Linking microbial community composition to hydrogeochemistry in the western Hetao Basin: Potential importance of ammonium as an electron donor during arsenic mobilization

Research output: Contribution to journalArticlepeer-review

  • External authors:
  • Wei Xiu
  • Jonathan Lloyd
  • Huaming Guo
  • Wei Dai
  • Cui Ren
  • Chaoran Zhang
  • Tiantian Ke


Various functional groups of microorganisms and related biogeochemical processes are likely to control arsenic (As) mobilization in groundwater systems. However, spatially-dependent correlations between microbial community composition and geochemical zonation along groundwater flow paths are not fully understood, especially with respect to arsenic mobility. The western Hetao Basin was selected as the study area to address this limitation, where groundwater flows from a proximal fan (geochemical-group I: low As, oxidizing), through a transition area (geochemical-group II: moderate As, moderately-reducing) and then to a flat plain (geochemical-group III: high As, reducing). High-throughput Illumina 16S rRNA gene sequencing showed that the microbial community structure in the proximal fan included bacteria affiliated with organic carbon degradation and nitrate-reduction or even nitrate-dependant Fe(II)-oxidation, mainly resulting in As immobilization. In contrast, for the flat plain, high As groundwater contained Fe(III)- and As(V)-reducing bacteria, consistent with current models on As mobilization driven via reductive dissolution of Fe(III)/As(V) mineral assemblages. However, Spearman correlations between hydrogeochemical data and microbial community compositions indicated that ammonium as a possible electron donor induced reduction of Fe oxide minerals, suggesting a wider range of metabolic pathways (including ammonium oxidation coupled with Fe(III) reduction) driving As mobilization in high As groundwater systems.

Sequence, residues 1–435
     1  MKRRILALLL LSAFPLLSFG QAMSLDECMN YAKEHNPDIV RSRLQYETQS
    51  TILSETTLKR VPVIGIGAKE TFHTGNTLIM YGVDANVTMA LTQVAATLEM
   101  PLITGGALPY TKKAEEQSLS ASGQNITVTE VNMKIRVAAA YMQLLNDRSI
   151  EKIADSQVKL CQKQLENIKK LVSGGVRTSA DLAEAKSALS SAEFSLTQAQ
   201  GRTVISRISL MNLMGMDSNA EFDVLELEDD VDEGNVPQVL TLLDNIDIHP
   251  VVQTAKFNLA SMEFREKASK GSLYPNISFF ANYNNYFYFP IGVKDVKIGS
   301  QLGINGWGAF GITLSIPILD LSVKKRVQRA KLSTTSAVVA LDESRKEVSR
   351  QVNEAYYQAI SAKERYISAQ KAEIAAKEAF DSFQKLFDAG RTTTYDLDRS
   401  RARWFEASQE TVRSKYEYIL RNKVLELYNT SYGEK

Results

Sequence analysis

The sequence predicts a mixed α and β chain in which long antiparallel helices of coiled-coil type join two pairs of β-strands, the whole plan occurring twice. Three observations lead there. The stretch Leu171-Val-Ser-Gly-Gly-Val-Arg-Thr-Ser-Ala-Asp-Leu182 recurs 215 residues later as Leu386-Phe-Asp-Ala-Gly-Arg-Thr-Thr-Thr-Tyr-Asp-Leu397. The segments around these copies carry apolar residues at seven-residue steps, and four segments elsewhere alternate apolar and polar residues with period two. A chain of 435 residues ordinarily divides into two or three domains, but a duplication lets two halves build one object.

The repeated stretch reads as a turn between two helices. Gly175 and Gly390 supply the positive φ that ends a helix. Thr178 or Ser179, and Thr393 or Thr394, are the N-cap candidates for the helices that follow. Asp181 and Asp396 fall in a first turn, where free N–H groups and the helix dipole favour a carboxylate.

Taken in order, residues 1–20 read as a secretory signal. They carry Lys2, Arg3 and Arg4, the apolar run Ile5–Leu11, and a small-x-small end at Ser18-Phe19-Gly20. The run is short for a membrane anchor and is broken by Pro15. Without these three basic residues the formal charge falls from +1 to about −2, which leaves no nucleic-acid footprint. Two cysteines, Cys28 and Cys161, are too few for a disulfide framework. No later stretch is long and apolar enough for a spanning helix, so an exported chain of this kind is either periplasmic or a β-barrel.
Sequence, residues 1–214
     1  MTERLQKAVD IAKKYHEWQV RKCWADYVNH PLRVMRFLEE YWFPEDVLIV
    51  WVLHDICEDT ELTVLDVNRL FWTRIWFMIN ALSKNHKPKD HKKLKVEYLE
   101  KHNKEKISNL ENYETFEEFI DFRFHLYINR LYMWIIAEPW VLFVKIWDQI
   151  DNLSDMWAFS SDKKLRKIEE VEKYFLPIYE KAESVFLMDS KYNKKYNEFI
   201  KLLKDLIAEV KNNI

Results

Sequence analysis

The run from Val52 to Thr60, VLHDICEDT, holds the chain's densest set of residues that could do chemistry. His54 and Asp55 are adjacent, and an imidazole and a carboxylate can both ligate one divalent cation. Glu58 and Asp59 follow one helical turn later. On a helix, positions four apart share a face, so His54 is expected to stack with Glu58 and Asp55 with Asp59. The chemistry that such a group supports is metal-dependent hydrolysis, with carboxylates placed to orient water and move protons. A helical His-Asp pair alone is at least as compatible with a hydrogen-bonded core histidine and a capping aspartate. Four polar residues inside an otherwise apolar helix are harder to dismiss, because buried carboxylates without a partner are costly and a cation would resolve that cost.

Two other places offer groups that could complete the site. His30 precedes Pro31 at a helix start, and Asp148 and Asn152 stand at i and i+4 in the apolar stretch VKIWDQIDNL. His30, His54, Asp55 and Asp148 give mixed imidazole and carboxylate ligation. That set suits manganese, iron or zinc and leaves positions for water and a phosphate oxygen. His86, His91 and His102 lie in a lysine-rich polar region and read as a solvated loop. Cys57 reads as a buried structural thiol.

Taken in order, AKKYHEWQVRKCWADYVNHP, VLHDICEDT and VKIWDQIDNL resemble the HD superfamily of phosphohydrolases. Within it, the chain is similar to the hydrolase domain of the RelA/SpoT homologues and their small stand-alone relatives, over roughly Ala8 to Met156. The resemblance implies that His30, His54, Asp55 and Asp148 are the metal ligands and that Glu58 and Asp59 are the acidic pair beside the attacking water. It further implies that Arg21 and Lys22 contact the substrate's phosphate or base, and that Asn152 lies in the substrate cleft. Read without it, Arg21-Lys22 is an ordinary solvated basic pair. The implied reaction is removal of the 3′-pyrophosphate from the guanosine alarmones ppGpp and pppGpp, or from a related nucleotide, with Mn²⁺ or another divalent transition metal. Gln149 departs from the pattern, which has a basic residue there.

Bibliographical metadata

Original languageEnglish
Article number105489
Pages (from-to)105489
JournalEnvironment International
Early online date24 Jan 2020
Publication statusPublished - 1 Mar 2020